Many established real estate sponsors use preferred equity financing to build their portfolios or fill gaps in their capital stack. Preferred equity is a class of ownership in a company that owns assets such as commercial property. Investors hold this ownership in the company, not the property itself. The cash flows of a preferred equity investment often resemble a loan in second position, behind a traditional first-position mortgage. But, there are some key nuances. Unlike a secured loan, preferred equity does not usually record any liens on the entity or the property.
Risk/Reward Profile of Preferred Equity
A stake in preferred equity has significantly less economic risk than an investment in common stock. The preferred stockholders are repaid their principal before the common stockholders (“limited partners,” “general partners,” or “sponsors”) receive any cash flows generated by the entity. While the common equity accepts first-loss risk, preferred equity investors are repaid with priority distributions. Similar to bond holders, the gains of preferred equity are capped at an agreed upon rate of return, like an interest rate. However, while common stockholders are paid last, they have unlimited upside.
In any case, preferred equity is typically able to be “called” or “redeemed” like a bond at the discretion of the sponsor. This requires the preferred equity investor to accept a sale of their preferred equity units if the unpaid balance is repaid. Nonetheless, there may be prepayment penalties, minimum interest, or a minimum multiple that must be paid if the redemption is exercised early.
“Hard” and “Soft” Preferred Equity
In the event of a default by the manager of the entity, remedies to the preferred equity are structured in two general ways; “hard” or “soft.” For hard preferred equity, if certain covenants are not met, such as a missed payment, it sets off a trigger that allows the preferred equity holders to exercise control rights and takeover the company. This structure can sometimes interfere with the senior lender’s covenants and requirements, as they must approve the preferred equity investor’s ability to take over – otherwise, this is a default of the senior loan.
For a soft preferred equity holder, there are remedies for nonpayment or a breach of covenants, but they are less severe. This is because the preferred investor may not take over the entity in the event of default. For example, late payments may start accruing interest at higher default rate. And since the preferred holders’ unpaid balances must be repaid with priority over the common, this essentially dilutes the sponsors’ equity. This can be a significant motivator for the common equity to repay the preferred equity as quickly as possible. A “soft” structure is generally most applicable for certain types of senior lenders with more stringent intercreditor requirements, such as agency first mortgage loans.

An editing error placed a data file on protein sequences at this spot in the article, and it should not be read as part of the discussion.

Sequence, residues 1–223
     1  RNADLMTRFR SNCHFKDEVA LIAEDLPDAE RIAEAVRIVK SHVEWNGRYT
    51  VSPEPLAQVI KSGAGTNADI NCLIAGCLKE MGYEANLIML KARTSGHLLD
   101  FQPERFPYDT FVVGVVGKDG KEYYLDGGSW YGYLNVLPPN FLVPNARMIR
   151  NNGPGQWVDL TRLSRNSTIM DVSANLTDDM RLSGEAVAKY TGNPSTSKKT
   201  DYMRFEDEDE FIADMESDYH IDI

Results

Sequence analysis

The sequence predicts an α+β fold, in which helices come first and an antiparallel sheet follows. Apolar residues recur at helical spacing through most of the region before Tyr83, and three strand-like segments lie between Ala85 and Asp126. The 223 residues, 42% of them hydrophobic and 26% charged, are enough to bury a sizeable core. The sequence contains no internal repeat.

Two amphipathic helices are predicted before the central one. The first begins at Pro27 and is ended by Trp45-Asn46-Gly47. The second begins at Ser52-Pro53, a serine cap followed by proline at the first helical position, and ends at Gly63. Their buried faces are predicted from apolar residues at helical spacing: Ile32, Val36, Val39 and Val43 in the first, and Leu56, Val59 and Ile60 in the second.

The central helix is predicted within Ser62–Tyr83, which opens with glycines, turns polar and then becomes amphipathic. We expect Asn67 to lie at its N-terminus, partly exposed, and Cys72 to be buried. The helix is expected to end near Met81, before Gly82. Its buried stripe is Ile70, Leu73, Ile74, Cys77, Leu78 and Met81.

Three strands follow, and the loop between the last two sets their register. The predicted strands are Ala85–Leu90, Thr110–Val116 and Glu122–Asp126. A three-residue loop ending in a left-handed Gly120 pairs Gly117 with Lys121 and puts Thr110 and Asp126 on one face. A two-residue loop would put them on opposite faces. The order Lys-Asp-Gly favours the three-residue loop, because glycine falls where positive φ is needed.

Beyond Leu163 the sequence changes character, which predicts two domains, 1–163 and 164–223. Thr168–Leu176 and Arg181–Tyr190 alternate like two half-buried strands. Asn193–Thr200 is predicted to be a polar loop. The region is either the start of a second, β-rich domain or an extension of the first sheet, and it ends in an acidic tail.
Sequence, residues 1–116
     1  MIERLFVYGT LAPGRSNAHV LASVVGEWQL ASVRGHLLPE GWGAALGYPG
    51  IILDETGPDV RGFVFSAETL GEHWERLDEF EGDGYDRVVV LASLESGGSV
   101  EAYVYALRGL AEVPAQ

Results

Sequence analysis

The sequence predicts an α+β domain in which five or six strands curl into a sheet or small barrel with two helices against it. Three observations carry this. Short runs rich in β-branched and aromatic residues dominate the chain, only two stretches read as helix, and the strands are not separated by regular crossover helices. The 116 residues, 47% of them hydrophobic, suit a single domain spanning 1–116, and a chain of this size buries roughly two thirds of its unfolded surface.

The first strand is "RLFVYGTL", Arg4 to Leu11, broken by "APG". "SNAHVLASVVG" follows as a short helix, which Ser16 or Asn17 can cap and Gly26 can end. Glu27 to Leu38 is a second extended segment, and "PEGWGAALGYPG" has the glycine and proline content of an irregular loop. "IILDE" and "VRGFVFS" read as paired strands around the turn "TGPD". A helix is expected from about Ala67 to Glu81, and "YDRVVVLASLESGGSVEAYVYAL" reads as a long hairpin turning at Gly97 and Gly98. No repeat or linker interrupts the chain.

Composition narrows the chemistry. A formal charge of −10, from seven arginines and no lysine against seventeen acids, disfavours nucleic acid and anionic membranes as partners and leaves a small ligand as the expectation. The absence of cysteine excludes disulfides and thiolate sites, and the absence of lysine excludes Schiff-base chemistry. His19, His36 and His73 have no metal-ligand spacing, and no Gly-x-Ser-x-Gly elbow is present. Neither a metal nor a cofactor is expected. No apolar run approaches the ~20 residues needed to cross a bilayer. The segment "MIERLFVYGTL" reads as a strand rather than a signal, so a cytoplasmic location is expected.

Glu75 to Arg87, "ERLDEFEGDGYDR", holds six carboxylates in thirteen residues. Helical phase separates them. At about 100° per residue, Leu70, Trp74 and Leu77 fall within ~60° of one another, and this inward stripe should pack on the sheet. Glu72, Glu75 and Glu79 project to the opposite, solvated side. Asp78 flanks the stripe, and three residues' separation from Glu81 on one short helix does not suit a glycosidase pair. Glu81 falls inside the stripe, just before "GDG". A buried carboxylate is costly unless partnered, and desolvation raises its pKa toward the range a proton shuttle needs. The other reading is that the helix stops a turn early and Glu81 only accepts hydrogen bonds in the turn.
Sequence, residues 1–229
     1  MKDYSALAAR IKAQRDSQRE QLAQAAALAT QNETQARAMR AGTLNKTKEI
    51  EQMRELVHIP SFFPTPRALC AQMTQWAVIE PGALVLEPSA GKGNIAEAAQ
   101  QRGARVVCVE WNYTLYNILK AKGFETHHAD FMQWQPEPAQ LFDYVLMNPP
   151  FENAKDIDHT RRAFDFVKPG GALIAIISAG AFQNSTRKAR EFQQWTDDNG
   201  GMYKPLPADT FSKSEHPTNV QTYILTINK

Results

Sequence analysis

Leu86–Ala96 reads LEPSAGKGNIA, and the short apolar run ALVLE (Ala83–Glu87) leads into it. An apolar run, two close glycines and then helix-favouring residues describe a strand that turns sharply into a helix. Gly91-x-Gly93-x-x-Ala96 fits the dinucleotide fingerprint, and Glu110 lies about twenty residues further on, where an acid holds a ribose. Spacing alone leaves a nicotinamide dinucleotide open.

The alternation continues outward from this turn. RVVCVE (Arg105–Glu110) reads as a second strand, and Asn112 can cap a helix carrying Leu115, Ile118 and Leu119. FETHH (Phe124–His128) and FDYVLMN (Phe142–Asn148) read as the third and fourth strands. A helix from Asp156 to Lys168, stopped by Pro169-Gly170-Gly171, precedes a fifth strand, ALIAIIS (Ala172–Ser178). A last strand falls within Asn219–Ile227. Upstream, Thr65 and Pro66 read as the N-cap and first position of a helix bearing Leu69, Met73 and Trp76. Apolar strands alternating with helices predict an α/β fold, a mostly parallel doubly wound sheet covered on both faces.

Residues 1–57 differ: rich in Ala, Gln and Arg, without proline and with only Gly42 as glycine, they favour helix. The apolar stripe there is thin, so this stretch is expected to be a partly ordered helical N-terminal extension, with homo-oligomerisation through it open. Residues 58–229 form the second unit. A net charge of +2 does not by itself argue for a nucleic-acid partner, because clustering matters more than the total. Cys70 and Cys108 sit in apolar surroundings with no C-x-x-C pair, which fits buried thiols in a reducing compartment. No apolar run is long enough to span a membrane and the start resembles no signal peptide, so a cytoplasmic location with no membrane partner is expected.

Participating Preferred Equity
Often, investors like the idea of being repaid before common equity, but still want to participate in the success of a project in the event that the sponsors meet their pro forma projections. This is referred to as a participating preferred equity investment. The participation in the upside may be enabled by a relatively small share of the net profits, in addition to a fixed rate of return. Alternatively, there may be a convertible aspect to the structure whereby the investor can convert some of the unpaid balance into equity at a lower valuation.
Regardless of whether the kicker is exercised, the preferred equity holders still have the downside protection of being repaid before the common.
Taxation of the preferred equity capital, from either the sponsor or investor standpoint, depends on a number of factors. The tax treatment of the capital is usually determined by the operating agreement which stipulates whether the capital is treated as debt or equity.
If not structured properly, a sponsor receiving the capital may have major tax implications for the recapitalization (or refinance) of an owned asset, as it may be considered a sale and trigger a capital gain. Similarly, the way that the coupon payments are taxed – as either interest or distributions – must be determined by the parties.
As preferred equity is usually treated as debt, investors do not typically participate in the tax benefits from a property, such as depreciation write-offs. However, such items are negotiable. Both the investor and sponsor should consult with their tax accountant to negotiate the right terms for tax treatment.
Institutional preferred equity capital sources often fall under two categories: a senior debt lender who opportunistically provides subordinate debt; or a joint-venture equity fund who is willing to structure as preferred equity. In either case, their underwriting reflects the higher level of scrutiny that is made for an equity investment. While preferred equity is usually a debt-like instrument, investors need to account for greater risk, as their capital is placed at risk behind the senior lender. Additionally, the investor’s decision rights are usually limited and so they must place a high degree of trust in the manager’s capabilities to execute the plan. This unique dynamic creates more risk variables for the investor to consider, and price their cost of capital accordingly.
To find out if preferred equity is the right solution to fund your commercial real estate acquisition, development or recapitalization, feel free to schedule a call with us to discuss.